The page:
Münchner Mathematische KalenderKalender mit mathematischen Vorträgen im Raum MünchenMon, 13 Mar 2017 11:21:09 +0100
http://mathcal.ma.tum.de/mc/showtalks?
01.03.2017 11:00 Dr. Patrick van Meurs (Kanazawa University): Discrete-to-continuum limits of edge dislocations in 2D
http://mathcal.ma.tum.de/mc/showtalks?filter=0&id=937
http://mathcal.ma.tum.de/mc/showtalks?filter=0&id=937The starting point is a 2D model for the dynamics of \(n\) dislocations, which are modelled as point particles with a positive or negative ’charge’. In the celebrated engineering paper by Groma and Balogh in 1999, the limit passage n → ∞ of these dislocation dynamics is performed in a statistical mechanics framework, which relies on a phenomenological closure assumption. In my talk, I present how to pass rigorously to the limit n → ∞ by using the theory of Wasserstein gradient flows and using advanced functional analysis on the weak form of the evolution equation. Interestingly, our conclusion for the limiting dynamics of the dislocation density differs from the conclusion in the paper by Groma and Balogh.
03.03.2017 14:00 Ralph Holz (University of Sydney): Consensus and the network - research directions in blockchain
http://mathcal.ma.tum.de/mc/showtalks?filter=0&id=953
http://mathcal.ma.tum.de/mc/showtalks?filter=0&id=953Over the last six years, blockchains have developed into a 'mainstream'
technology that entire industry sectors are talking about. The latest
generation even supports smart contracts - programs that are executed by
all participants and that may govern everything from simple transactions
to the setup of organisations. Taking a closer look, however, we find
that there is very little deployment beyond the two most prominent
examples, Bitcoin and Ethereum. In this talk, we are going to look at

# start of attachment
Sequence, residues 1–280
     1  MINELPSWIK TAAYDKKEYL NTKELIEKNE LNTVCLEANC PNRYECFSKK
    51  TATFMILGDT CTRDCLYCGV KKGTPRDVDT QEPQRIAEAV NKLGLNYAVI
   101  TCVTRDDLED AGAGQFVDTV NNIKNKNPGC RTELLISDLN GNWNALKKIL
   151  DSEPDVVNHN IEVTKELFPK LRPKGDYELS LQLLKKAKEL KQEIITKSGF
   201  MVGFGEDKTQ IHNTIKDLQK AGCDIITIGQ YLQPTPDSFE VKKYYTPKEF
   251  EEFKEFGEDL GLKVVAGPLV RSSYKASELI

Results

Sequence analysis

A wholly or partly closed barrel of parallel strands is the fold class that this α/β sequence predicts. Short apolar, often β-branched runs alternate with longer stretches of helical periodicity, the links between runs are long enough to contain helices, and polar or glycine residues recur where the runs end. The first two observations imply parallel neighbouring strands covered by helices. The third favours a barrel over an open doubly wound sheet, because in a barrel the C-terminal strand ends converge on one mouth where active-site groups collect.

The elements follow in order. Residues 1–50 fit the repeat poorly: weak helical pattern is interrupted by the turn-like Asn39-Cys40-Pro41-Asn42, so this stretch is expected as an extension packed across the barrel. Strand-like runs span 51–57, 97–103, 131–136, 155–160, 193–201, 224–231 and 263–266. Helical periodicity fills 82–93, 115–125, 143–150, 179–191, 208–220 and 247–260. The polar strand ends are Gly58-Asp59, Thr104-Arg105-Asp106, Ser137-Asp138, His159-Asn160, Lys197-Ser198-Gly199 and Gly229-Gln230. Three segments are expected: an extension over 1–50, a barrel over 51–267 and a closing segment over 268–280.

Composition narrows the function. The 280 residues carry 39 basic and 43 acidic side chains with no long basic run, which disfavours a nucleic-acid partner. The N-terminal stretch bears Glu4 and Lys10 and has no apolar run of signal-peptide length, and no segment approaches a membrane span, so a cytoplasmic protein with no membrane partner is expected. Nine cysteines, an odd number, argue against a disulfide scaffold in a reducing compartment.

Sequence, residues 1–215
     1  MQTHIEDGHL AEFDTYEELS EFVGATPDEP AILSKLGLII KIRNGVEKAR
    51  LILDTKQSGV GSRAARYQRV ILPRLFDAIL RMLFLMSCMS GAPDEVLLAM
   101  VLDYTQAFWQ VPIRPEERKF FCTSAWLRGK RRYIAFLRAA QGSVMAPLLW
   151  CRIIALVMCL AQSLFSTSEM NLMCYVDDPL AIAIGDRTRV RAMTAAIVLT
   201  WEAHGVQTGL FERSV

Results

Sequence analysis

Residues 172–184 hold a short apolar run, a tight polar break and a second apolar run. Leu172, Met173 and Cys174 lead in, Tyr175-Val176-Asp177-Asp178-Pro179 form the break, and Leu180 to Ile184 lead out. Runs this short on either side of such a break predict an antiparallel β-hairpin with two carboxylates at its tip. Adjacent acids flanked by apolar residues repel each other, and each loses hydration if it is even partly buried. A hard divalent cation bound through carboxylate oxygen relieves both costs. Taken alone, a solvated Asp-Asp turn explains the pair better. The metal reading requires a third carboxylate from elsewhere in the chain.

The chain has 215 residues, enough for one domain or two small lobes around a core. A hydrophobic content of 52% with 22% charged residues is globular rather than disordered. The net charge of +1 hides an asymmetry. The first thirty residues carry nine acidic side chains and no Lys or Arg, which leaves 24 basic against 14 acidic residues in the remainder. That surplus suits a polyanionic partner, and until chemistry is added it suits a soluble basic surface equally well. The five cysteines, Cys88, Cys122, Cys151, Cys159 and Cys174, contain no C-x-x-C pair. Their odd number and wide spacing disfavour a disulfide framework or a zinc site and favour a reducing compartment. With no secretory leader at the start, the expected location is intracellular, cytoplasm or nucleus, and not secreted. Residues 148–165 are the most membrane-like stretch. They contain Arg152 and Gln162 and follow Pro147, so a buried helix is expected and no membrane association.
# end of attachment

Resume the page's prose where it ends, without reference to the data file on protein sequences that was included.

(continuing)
some of the reasons: the problem of dependability and abortion of
transactions, which is crucial for enterprises; the influence of the
underlying network structure on transaction execution; and the problem
of exploitable smart contracts. Correspondingly, we discuss some
research directions that could prove fruitful in a number of systems,
blockchains or beyond.
Bio:
Ralph Holz is Lecturer in Networks and Security at the School of IT at
the University of Sydney, where he leads the Node for Cybersecurity and
Usable Security inside the Human-Centred Technologies cluster. He works
closely with Data61|CSIRO, Australia's prime innovation body, and is a
Visiting Fellow at the University of New South Wales. Ralph's research
interest is empirical security, in particular measuring the deployment
properties of critical infrastructure (including blockchains) and the
effects and causes of network and routing incidents. He led the
research efforts that culminated in the world's first large-scale, long-
term analysis of the deployment of the Web Public Key Infrastructure.
Most recently, he has turned his attention to analysing the security and
dependability of blockchain networks. Ralph received his PhD from
Technical University of Munich (TUM) in May 2014.
08.03.2017 16:00 Wolfgang Hackbusch (MPI Leipzig): Global and local defect correction
http://mathcal.ma.tum.de/mc/showtalks?filter=0&id=954
http://mathcal.ma.tum.de/mc/showtalks?filter=0&id=954The (global) defect correction method combines two discretisation scheme. One may be easy solvable,
the other may be better (e.g. or higher consistency order) but more complicated. Even if the
second discretisation is unstable, the defect correction is a finite process leading to a solution
inheriting the features of the better discretisation.
In a similar way, the local defect correction improves the solution locally. This can be used instead
of local grid refinement.
Different from usual discretisations, the obtained solution is neither the solution of the first nor
of the second discretisation. On the other hand it is much more flexible than usual (finite element)
methods.
16.03.2017 17:00 Piotr Swierczynski (TUM): Applications of energy-corrected finite element to optimal control and parabolic problems